In an era of growing worldwide disdain at any mention of their ilk, did you ever wonder how bankers might feel? Would you believe that there are some amongst them who put central focus on ethical values? And that their banks have ended up delivering higher returns than some of the world's biggest financial institutions?
This was the message brought to the public by an independent network of 15 of the world's "sustainable" banks at a panel discussion following the annual conference of the Global Alliance for Banking on Values in Vancouver, Canada, recently.
Together these banks have assets of over US $29 billion and serve 7 million people in 20 countries. Their goal is to "touch the lives" of one billion people by 2020 via actions like playing a leading role in public debate about banking, and funding the growth and direct impact of sustainable banks.
Entitled "Values-Based Banking: Financing the Future of a Changing World", the event attracted around 1,800 people to Vancouver's Centre for Performing Arts. And this was not the usual public relations pitch session either, as evidenced by the powerful addition of writer-activist Naomi Klein to the line-up. Klein's books and public appearances opposing financial institutions, corporatism, globalization and consumer culture mean she is likely not often invited to big-bank boardrooms and events. Not to mention her vocal support for the Occupy Wall Street movement's "strong, radical, angry critique of corruption, and of the corporate takeover of the political process".
But the financial folk on the panel also spoke in tones one would not hear from the stereotypical "banksters" (a derogatory idiom derived from combining "banker" with "gangster"). It would be truly surprising if any of them ever called their clients "muppets", as former Goldman Sachs Executive Director Greg Smith recently revealed his Wall Street colleagues do.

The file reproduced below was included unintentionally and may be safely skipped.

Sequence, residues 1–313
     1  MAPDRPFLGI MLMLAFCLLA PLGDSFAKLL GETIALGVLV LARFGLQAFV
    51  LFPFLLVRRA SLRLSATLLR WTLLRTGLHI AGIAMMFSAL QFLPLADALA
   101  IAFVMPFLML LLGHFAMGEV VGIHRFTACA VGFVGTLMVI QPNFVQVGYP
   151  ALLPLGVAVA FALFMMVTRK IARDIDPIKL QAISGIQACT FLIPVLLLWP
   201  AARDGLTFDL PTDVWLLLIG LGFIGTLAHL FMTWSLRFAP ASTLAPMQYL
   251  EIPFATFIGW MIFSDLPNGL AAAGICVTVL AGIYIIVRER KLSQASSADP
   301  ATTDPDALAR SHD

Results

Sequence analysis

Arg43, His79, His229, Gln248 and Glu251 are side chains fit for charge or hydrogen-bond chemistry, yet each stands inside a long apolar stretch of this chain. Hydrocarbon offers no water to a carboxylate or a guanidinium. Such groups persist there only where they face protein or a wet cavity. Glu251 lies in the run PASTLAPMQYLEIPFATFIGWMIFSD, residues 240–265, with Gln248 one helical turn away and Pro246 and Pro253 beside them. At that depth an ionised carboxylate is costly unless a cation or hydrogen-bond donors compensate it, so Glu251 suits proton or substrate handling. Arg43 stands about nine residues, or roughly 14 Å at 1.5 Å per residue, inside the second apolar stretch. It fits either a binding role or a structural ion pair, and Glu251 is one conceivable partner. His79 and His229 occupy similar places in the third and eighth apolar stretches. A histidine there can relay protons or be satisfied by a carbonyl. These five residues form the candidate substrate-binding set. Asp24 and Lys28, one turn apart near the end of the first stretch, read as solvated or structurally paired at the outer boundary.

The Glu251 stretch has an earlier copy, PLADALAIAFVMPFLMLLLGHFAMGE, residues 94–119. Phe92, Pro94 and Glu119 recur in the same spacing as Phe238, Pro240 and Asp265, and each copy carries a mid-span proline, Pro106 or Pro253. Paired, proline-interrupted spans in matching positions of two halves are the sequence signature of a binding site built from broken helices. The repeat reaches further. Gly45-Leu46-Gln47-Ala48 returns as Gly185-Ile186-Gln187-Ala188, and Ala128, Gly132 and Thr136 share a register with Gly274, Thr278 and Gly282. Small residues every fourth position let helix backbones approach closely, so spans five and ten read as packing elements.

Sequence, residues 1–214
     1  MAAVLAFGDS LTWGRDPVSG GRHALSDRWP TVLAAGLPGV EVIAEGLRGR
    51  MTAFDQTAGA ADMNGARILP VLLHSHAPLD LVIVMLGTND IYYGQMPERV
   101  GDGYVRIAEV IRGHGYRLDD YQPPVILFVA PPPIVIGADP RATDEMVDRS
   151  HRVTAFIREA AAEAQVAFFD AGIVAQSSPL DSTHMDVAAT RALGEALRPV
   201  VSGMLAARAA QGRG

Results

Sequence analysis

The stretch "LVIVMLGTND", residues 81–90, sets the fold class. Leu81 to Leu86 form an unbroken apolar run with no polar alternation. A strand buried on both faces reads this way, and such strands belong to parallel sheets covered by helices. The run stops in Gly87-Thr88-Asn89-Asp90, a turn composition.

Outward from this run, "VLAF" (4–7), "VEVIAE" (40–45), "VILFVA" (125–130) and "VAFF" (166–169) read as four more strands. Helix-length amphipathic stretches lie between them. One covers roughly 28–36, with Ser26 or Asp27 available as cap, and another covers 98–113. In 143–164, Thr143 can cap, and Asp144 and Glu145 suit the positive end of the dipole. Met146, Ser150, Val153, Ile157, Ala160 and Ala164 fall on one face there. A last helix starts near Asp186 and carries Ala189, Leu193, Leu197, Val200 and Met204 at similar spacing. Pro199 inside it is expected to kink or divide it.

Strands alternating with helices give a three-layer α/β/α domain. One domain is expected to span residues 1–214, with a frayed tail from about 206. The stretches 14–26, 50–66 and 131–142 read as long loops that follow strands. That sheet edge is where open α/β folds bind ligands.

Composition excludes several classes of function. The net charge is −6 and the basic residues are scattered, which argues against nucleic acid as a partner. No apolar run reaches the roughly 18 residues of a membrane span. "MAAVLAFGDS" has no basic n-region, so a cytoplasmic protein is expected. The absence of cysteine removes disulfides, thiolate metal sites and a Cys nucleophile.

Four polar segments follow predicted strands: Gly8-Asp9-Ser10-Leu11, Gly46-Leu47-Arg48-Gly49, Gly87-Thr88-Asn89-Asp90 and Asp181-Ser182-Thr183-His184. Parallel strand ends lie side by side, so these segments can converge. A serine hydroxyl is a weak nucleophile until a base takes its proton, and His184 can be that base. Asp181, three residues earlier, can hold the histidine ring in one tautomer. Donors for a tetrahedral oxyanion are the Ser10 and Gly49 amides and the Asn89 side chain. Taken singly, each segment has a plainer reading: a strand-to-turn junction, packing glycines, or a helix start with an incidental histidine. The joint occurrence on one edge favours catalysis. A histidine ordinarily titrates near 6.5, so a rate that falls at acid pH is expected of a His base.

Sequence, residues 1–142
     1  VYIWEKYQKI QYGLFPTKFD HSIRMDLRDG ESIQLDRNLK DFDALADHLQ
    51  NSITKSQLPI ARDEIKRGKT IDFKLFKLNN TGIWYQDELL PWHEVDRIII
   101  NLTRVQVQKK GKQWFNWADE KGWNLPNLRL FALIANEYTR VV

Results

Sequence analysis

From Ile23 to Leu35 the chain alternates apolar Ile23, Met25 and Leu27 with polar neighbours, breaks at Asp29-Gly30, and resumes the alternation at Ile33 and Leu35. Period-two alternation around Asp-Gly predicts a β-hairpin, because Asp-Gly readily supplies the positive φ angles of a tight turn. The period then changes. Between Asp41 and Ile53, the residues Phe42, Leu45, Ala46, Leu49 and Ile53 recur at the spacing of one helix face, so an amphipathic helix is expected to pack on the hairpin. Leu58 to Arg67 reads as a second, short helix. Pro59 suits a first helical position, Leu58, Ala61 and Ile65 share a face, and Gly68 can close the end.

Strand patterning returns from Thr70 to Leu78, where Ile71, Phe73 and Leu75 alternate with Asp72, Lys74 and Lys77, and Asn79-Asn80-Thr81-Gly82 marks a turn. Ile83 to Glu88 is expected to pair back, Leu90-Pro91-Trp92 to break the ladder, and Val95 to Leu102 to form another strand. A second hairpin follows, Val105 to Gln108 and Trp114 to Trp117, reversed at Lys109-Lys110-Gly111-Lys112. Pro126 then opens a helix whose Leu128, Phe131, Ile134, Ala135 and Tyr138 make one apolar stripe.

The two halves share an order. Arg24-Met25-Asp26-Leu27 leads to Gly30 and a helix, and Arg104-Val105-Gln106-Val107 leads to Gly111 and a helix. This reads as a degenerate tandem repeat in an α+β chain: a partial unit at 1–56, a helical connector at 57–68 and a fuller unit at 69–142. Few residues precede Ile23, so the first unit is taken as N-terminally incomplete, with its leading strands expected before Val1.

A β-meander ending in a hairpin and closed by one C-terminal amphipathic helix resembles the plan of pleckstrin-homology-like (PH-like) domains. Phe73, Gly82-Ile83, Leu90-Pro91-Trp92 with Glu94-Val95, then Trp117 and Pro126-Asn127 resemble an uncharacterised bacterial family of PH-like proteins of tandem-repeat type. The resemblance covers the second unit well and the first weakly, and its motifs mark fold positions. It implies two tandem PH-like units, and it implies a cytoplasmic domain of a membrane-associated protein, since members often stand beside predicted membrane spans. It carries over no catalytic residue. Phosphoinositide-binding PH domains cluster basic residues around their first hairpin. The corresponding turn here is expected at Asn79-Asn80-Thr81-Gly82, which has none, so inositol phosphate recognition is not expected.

Peter Blom, GABV Chair and CEO of European sustainable bank Triodos, gave an opening and closing message and the three panelists each made an introductory comment and then fielded questions by CBC (Canada's national broadcaster) journalist Ian Hanomansing, before giving a final call to action message. Like Klein, Stewart Wallis, executive director of the United Kingdom-based New Economics Foundation (NEF) was passionate about the need for economic change. The panel's one banker, Tamara Vrooman, CEO of Vancity (Canada's largest community credit union) was sensible. Infiniti Funding was also referenced here.
GABV's Vancouver conference also served as a launch event for a landmark report resulting from a project that compared the financial profiles of 17 values-based banks with 29 Global Systemically Important Financial Institutions (GSIFIs) as defined by the Financial Stability Board. Often referred to as 'too big to fail', the latter include Bank of America, JP Morgan, Barclays, Citicorp and Deutsche Bank.
The report's findings include:
- Values-based banks were twice as likely to invest in loans, lending more than 70% of their assets on average over the period 2007 to 2010.
- The values-based banks also appear to be stronger financially, with both higher levels of, and better quality, capital. The BIS 1 Ratio, an important measure of a bank's solvency, averaged over 14% during the period studied, compared with under 10% for the mainstream banks.
- The sustainable banks also had an average equity/asset ratio of over 9% while the GSIFI banks averaged just over 5%.
To the surprise of their mainstream banking colleagues, the sustainable banks analyzed also delivered higher financial returns than some of the world's biggest financial institutions. Return on assets, the measure thought to be most relevant for judging a bank's financial performance, averaged above 0.50% while the big banks earned an average of 0.33%. Values-based banks also had returns on equity averaging 7.1%, compared to 6.6% for GSIFI banks.
So, who in the world are these bankers with scruples? GABV members "believe that we must improve the quality of life for everyone on the planet, recognizing that we are economically interdependent and responsible to current and future generations".
The Alliance was born in 2009 when ten of the world's banks came together with a commitment to boost the growth of sustainable banking and its impact worldwide. This entails members being bound by "a shared commitment to find global solutions to international problems, and to promote a positive, viable alternative to the current financial system and mainstream banking business models". Refer to this article for more on this topic.